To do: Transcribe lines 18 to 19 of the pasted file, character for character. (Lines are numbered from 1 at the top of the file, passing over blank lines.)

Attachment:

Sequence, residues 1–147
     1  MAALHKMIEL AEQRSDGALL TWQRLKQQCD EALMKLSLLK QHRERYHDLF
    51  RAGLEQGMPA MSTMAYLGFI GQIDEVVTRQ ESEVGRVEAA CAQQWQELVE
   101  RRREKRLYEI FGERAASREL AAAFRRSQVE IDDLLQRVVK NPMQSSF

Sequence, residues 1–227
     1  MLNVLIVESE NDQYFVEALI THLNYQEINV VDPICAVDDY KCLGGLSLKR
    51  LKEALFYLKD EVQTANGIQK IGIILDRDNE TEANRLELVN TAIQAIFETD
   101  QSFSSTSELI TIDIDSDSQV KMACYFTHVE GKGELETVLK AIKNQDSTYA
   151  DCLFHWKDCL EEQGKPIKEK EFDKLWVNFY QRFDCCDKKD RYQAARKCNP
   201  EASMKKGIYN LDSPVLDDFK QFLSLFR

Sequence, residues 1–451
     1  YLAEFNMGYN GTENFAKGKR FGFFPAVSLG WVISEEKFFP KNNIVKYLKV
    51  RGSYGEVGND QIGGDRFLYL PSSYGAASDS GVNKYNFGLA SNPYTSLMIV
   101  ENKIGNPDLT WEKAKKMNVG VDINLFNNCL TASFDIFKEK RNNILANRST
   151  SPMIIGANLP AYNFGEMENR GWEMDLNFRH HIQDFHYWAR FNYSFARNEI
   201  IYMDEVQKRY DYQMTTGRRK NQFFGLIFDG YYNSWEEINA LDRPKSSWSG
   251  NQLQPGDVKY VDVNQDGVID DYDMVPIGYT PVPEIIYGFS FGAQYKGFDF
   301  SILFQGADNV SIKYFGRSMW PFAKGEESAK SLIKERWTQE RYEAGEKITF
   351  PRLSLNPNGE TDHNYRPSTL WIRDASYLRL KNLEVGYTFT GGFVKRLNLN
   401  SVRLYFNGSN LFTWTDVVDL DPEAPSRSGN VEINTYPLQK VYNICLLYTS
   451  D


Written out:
   301  SILFQGADNV SIKYFGRSMW PFAKGEESAK SLIKERWTQE RYEAGEKITF
   351  PRLSLNPNGE TDHNYRPSTL WIRDASYLRL KNLEVGYTFT GGFVKRLNLN